A STATE SPECIAL Branch police officer, who predicted that the DMK front would win about 30 seats at a time when the media was expecting a majority for the AIADMK, added, “People like you in the cities can’t imagine the impact of the Re 1 scheme in rural areas and among the poor people. They are the ones who voted en masse for the DMK front.”

If there was any anger on the Eelam issue, it was against the Congress. Political commentator MSS Pandian says people understood that the DMK tried its best on the Lankan issue, and it could have done nothing more. He also reiterates that though Eelam was an important issue, it was not the only issue in the polls. “The polls were not a referendum on Eelam. There were local factors in each constituency,” he says.

Congress heavyweights EVKS Elangovan, Mani Shankar Aiyer, R Prabhu and state Congress president KV Thagkabalu bit the dust. Aiyer lost his Mayiladuthurai seat, where pro-LTTE outfits had pasted posters of him with Sri Lankan President Mahinda Rajapaksa, who had attended his daughter’s wedding. Home minister P Chidambaram scraped through by a margin of 3,354 votes. LTTE supporter and MDMK chief Vaiko lost from Virudhnagar by a margin of 15,764 votes. He was a victim of the ‘V’ factor. DMDK candidate Pandiarajan who polled 1.25 lakh votes was Vaiko’s spoiler. PMK, another pro-LTTE party, lost all seven seats it contested from.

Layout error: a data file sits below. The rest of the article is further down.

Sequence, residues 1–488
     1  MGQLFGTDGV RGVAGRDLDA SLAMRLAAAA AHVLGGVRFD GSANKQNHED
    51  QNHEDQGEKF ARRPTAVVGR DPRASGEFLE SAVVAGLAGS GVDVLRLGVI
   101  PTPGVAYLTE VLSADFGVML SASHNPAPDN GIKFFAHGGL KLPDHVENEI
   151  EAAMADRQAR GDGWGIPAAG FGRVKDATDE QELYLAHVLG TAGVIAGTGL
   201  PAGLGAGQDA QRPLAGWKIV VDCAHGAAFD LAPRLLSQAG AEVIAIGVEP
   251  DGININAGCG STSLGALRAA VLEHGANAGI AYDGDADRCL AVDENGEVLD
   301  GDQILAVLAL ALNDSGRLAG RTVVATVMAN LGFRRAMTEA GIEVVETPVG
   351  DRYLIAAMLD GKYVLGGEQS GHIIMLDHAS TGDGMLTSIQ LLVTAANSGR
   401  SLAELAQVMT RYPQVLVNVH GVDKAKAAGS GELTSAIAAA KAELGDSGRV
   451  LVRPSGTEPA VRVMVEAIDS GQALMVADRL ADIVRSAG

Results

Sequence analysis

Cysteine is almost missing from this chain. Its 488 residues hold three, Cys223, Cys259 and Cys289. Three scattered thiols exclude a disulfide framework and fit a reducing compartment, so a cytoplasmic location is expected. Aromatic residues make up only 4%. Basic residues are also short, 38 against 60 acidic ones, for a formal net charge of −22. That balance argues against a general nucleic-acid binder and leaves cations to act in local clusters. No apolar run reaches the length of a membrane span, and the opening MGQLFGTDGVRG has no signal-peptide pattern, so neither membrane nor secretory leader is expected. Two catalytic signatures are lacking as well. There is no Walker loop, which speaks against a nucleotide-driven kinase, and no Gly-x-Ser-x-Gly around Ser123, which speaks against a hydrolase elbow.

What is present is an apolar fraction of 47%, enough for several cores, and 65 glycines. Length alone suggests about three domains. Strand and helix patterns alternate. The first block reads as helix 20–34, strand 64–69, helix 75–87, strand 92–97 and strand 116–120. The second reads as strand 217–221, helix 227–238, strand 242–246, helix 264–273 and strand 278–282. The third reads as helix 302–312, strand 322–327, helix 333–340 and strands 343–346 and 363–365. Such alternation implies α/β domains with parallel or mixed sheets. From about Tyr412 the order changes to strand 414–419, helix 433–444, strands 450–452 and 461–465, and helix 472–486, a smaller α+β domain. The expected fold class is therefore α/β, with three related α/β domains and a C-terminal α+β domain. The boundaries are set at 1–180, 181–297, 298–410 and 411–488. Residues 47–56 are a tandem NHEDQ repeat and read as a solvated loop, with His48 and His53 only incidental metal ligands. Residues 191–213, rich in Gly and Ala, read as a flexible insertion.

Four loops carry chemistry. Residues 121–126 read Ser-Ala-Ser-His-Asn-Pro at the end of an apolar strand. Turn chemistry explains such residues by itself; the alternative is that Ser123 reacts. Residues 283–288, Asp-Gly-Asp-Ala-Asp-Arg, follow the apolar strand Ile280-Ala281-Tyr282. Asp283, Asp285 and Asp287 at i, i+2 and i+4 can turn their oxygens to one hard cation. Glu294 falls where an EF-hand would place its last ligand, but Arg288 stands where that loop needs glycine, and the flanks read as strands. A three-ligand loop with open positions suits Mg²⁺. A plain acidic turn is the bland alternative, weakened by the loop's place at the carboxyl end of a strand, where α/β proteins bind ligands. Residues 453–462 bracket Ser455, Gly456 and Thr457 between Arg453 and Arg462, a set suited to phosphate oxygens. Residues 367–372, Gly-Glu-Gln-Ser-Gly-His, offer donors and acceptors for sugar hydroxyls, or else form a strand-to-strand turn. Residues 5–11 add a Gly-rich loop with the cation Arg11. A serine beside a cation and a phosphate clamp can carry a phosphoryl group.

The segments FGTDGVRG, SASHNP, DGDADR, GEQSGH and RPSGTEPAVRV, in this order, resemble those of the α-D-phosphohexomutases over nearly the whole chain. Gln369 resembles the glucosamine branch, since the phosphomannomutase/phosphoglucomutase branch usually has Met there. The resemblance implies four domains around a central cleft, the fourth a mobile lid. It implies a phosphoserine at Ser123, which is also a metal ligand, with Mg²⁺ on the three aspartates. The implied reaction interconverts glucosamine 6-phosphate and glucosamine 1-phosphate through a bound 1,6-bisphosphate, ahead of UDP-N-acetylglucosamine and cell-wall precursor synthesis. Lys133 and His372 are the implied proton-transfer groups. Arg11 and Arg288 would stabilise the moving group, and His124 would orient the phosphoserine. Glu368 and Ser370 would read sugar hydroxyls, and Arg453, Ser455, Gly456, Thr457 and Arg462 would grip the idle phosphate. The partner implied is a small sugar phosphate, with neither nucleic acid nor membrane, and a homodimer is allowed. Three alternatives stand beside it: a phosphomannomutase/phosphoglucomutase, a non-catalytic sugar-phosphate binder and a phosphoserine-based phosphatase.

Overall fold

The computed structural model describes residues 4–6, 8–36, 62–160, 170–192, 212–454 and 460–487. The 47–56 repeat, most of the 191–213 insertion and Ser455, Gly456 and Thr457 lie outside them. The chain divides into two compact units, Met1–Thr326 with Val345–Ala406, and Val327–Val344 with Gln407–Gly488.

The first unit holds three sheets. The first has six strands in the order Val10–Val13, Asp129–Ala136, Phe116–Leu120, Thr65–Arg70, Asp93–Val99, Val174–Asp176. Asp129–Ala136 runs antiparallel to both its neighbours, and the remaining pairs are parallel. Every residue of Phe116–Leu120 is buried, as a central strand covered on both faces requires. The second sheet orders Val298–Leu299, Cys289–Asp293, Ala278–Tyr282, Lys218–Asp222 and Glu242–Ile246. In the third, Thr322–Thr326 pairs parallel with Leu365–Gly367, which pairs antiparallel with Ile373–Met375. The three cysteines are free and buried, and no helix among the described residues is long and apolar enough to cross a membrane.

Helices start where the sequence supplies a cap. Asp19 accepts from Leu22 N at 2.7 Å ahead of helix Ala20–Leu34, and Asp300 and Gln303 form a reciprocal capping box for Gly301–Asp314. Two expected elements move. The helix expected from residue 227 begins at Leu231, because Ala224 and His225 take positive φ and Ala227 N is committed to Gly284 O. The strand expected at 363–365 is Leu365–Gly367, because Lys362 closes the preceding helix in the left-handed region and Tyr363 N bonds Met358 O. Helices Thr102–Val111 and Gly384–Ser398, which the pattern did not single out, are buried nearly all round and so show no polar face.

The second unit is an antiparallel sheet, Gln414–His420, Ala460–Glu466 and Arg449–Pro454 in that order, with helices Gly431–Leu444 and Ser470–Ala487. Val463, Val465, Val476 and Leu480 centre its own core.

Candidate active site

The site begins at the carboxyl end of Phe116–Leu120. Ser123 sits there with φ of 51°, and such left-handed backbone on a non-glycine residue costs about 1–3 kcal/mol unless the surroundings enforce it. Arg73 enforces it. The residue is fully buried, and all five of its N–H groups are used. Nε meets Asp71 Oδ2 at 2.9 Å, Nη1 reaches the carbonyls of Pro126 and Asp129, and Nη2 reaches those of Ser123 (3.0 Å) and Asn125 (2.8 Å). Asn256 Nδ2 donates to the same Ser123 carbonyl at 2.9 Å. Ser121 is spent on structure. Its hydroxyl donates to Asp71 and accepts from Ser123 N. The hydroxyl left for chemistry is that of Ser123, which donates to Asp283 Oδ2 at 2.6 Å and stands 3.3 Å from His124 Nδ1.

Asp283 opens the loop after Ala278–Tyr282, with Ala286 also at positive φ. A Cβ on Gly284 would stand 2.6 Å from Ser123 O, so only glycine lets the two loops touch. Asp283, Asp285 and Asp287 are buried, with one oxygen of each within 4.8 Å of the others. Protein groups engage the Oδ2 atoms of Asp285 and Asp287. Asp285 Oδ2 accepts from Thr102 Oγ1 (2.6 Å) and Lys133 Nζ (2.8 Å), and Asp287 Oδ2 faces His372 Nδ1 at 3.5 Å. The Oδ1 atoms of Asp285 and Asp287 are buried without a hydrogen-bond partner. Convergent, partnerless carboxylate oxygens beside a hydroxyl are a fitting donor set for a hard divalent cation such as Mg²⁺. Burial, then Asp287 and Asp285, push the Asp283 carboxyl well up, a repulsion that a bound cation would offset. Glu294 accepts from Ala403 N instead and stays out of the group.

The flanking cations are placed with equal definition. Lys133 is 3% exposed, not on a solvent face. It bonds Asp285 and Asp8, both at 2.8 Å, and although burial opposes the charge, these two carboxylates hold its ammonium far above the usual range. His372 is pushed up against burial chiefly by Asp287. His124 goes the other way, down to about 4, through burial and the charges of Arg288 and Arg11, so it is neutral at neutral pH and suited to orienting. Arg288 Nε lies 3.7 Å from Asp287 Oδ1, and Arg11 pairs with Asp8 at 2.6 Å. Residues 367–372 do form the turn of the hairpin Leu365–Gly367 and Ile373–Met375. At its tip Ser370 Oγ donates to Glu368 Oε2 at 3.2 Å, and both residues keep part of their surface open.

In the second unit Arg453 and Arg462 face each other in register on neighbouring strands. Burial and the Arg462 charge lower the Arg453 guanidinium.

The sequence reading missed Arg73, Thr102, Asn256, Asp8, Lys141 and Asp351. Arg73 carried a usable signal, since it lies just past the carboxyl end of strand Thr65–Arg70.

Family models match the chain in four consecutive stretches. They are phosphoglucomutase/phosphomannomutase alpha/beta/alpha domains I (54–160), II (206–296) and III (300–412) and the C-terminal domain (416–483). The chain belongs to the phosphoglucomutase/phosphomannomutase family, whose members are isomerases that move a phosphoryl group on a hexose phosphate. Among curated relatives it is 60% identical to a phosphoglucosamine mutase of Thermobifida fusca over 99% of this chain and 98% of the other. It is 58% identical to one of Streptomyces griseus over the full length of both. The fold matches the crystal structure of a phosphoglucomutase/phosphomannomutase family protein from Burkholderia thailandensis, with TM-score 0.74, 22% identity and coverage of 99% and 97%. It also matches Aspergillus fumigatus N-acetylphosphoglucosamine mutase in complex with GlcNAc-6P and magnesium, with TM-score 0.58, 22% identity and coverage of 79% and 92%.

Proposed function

In Madurai, the meteoric rise of MK Azhagiri, Karunanidhi’s elder son, continues. Azhagiri, the DMK’s south zone organising secretary, ensured the front’s victory in nine of the ten seats in south Tamil Nadu. He won the Madurai seat, defeating his CPMrival P Mohan by a margin of about 1.40 lakh votes. Azhagiri is a hot favourite for a cabinet post now.